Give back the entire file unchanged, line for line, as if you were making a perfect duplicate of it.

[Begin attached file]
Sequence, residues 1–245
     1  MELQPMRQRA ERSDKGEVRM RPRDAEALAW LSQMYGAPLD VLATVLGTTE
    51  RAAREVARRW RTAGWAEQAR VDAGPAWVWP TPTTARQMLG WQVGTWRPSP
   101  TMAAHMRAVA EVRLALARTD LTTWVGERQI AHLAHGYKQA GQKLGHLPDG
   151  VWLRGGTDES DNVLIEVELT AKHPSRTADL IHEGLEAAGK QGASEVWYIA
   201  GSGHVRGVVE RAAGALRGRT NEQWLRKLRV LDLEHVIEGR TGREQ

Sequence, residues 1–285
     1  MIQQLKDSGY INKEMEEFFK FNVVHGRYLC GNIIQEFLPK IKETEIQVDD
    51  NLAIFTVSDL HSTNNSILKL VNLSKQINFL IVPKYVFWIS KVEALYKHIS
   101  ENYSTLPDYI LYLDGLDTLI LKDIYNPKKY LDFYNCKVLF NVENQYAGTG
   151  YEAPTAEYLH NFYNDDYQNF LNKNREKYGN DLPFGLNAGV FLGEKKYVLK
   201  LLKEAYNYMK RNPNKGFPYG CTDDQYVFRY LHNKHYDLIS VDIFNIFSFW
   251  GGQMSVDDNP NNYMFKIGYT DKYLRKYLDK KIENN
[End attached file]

Sequence, residues 1–245
     1  MELQPMRQRA ERSDKGEVRM RPRDAEALAW LSQMYGAPLD VLATVLGTTE
    51  RAAREVARRW RTAGWAEQAR VDAGPAWVWP TPTTARQMLG WQVGTWRPSP
   101  TMAAHMRAVA EVRLALARTD LTTWVGERQI AHLAHGYKQA GQKLGHLPDG
   151  VWLRGGTDES DNVLIEVELT AKHPSRTADL IHEGLEAAGK QGASEVWYIA
   201  GSGHVRGVVE RAAGALRGRT NEQWLRKLRV LDLEHVIEGR TGREQ

Sequence, residues 1–285
     1  MIQQLKDSGY INKEMEEFFK FNVVHGRYLC GNIIQEFLPK IKETEIQVDD
    51  NLAIFTVSDL HSTNNSILKL VNLSKQINFL IVPKYVFWIS KVEALYKHIS
   101  ENYSTLPDYI LYLDGLDTLI LKDIYNPKKY LDFYNCKVLF NVENQYAGTG
   151  YEAPTAEYLH NFYNDDYQNF LNKNREKYGN DLPFGLNAGV FLGEKKYVLK
   201  LLKEAYNYMK RNPNKGFPYG CTDDQYVFRY LHNKHYDLIS VDIFNIFSFW
   251  GGQMSVDDNP NNYMFKIGYT DKYLRKYLDK KIENN